2. Create your plan to use it in the first part of every clause of a sentence.
  3. Use it in conversation when talking about the same issue you have planned such as “As I said you have knowledge of it and you know it better. As I said earlier that you will win and as I said you won it.”
  4. Create three to four anaphoras in your conversation every day.

Benefits of Using Literary Device of Anaphora

  1. It helps repeat the same point to stress upon some specific discourse.
  2. Constantly repetition at a specific point helps make a deep impact on the audience.
  3. It helps audiences remember points easily and absorb the major lesson of a literary piece.
  4. It helps the writers to persuade the audience easily.

Anaphora in Literary Theory

  1. Although the use of the literary device of anaphora in literary theory is a bit ambiguous, as a rhetorical term, it helps the writers clarify their messages and stress upon the main point. However, its interpretations from the readers’ point of view rely mainly on the context. Therefore, it mostly depends on its antecedent or what comes after it. Hence, it is a dietic use of anaphora that works better. It means it is based on the context in which it is used.
  2. The literary device of anaphora is mostly associated with power and discourse. That is why it often appears significant in indigenous studies, post-colonial theory, post-structuralism, and most importantly in formalism. It is even considered an important part of the syntactical features of discourse.
  3. Anaphora is part and parcel of rhetoric. It emphasizes a point and lends credence of the argument of the writer by presenting him/her with handy logos.

Suggestion Readings

Abrams, Meyer Howard, and Geoffrey Harpham. A Glossary Of Literary Terms. Cengage Learning, 2014.

Baldick, Chris. The Concise Oxford Dictionary Of Literary Terms. Oxford University Press, 1996. Reinhart, Tanya Miriam. The Syntactic Domain of Anaphora. Diss. Massachusetts Institute of Technology, 1976.

Keep on learning: Literary Device: Characterization


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Etymology and Meanings of Literary Device of Analogy

Etymologically, the term analogy is a derivative of a Latin term, analogia, which also exists in the Greek language with the same spellings. It is made up of two-word ana- which means according to and logos which means ratio. In other words, it means proportion or correspondence. It is mostly used in mathematics in logical questions as Plato has used in the meanings of likeness or proportion between different things.

Semantically, it is used for comparison between two things on the basis of resemblance or similarities. It is a noun with plural analogies.

Definition of Literary Device of Analogy

As a literary term, analogy helps build a relationship based on the similarity between two ideas, concepts, characters, thematic strands, motifs, or even plots. This analogous relationship further helps build or create ideas.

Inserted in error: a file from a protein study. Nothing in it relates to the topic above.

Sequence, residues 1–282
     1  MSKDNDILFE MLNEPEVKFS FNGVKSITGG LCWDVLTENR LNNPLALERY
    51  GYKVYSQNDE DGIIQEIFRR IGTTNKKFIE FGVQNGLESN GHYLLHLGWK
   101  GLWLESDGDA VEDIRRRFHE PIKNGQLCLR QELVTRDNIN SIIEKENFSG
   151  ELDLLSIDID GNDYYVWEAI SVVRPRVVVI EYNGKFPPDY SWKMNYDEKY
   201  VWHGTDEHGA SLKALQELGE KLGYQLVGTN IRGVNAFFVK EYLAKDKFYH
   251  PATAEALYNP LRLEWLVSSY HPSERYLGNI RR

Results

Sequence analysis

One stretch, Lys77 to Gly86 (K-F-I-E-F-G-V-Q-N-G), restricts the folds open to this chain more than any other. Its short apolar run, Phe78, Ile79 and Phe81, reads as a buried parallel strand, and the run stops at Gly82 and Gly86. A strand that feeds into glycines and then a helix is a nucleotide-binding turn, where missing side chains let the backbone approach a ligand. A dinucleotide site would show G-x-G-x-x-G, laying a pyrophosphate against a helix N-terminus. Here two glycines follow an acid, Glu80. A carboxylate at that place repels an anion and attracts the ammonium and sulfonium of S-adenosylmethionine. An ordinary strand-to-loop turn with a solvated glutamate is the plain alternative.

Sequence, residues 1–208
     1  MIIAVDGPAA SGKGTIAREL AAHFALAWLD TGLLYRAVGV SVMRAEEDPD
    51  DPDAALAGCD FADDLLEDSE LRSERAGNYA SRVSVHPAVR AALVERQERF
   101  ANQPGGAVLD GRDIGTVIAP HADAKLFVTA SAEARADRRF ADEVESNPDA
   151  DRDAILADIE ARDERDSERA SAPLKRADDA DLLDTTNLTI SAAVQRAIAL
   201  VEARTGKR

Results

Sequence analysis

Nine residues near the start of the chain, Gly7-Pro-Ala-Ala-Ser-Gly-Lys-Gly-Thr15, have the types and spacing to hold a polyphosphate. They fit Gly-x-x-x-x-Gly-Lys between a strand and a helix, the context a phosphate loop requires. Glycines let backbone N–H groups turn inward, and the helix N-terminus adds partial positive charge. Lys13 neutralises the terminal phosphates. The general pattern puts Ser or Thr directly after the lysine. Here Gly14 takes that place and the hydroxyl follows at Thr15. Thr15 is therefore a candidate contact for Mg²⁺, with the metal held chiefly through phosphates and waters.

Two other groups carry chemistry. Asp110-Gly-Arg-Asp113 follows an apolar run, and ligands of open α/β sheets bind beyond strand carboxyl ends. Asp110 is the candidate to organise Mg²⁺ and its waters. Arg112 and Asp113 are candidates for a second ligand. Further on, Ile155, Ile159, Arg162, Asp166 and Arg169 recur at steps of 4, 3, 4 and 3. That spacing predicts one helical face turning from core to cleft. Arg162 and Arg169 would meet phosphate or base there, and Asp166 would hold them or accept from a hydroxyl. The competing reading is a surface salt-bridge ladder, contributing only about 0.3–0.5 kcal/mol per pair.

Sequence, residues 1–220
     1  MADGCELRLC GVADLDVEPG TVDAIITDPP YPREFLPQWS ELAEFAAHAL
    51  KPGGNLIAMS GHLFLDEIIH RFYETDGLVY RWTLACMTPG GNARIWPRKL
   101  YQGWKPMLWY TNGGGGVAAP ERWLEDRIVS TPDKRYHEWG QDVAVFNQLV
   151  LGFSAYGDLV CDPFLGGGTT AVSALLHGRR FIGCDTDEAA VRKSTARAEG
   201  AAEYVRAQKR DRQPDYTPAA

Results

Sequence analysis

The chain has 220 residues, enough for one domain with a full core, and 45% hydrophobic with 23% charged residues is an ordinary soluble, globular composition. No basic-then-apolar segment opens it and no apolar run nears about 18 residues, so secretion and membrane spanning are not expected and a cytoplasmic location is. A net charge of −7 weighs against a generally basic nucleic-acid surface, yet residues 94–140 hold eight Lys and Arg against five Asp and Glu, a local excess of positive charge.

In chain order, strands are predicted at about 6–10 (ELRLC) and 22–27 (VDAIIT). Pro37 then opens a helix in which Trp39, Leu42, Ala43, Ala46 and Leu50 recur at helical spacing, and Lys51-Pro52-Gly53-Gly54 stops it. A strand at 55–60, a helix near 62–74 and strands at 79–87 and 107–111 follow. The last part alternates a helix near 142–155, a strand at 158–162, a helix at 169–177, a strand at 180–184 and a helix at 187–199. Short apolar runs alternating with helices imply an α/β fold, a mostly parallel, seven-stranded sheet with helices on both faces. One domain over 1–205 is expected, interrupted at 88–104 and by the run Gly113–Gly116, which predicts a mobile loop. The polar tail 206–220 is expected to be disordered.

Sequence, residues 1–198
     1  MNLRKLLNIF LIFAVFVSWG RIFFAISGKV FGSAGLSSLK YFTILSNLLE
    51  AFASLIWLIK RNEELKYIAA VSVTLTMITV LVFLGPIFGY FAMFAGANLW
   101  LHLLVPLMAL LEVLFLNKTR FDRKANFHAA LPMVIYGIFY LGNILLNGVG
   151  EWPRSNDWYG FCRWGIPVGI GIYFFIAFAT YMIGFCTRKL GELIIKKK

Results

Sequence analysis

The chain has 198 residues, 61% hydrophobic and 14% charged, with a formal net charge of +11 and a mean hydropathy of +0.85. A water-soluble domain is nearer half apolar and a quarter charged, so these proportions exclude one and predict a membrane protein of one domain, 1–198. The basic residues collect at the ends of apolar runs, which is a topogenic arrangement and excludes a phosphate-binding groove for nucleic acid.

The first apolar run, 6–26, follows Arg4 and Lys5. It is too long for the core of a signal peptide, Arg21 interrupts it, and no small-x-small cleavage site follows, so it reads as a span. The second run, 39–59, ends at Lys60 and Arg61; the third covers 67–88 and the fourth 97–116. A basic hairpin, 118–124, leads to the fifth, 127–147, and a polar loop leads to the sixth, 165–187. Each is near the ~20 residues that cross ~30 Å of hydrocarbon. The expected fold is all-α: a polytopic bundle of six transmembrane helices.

Common Examples of Analogy

  1. The hammer is to nail as the comb is to hair.
  2. White is to black as up is to down.
  3. The mansion is to the shack as a yacht to a dinghy
  4. Bees is to hive as bears are to den.

Literary Examples of Analogy

Example # 1

From Macbeth by William Shakespeare

There if I grow,
The harvest is your own.

My plenteous joys,

Wanton in fullness, seek to hide themselves

In drop of sorrow.

These lines occur in Macbeth by William Shakespeare. Banquo speaks the first two lines, while the next three lines were spoken by King Duncan. Here Banquo is comparing himself to wheat, while the second the king is equating his joys with drops of water. This type of equation of things with different things is a literary analogy.

Example # 2

From First Inaugural Address by Franklin D. Roosevelt

“So, first of all, let me assert my firm belief that the only thing we have to fear is fear itself–nameless, unreasoning, unjustified terror which paralyzes needed efforts to convert retreat into advance.”

Roosevelt speaks these lines in his First Inaugural Address. Interestingly, this literary analogy compares fear with fear that does not exist and is nameless. However, he thinks that it could be converted into a different type of other feelings if an effort is made.

Example # 3

From Hamlet by William Shakespeare

So excellent a king; that was, to this,
Hyperion to a Satyr; so loving to my mother
That he might not beteem the winds of heaven
Visit her face too roughly. Heaven and earth!
Must I remember?

This beautiful analogy that Hamlet uses to compare Hyperion to Satyr. He thinks that King Claudius is to Hamlet as Hyperion is to Satyr. This analogy shows how Shakespeare has belittled Claudius when compared to Hamlet just to raise his status in terms of legitimacy.

Example # 4

From A Birthday by Christina Rossetti

My heart is like a singing bird
Whose nest is in a water’d shoot;
My heart is like an apple-tree
Whose boughs are bent with thickset fruit;
My heart is like a rainbow shell.

These lines occur in the poem of Christina Rossetti, “A Birthday.” Although she has extensively used similes to show what her heart is this is also a good use of different analogies to show the people how she equates her heart with a singing bird or a rainbow shell.

Example # 5

From Of Mice and Men by John Steinbeck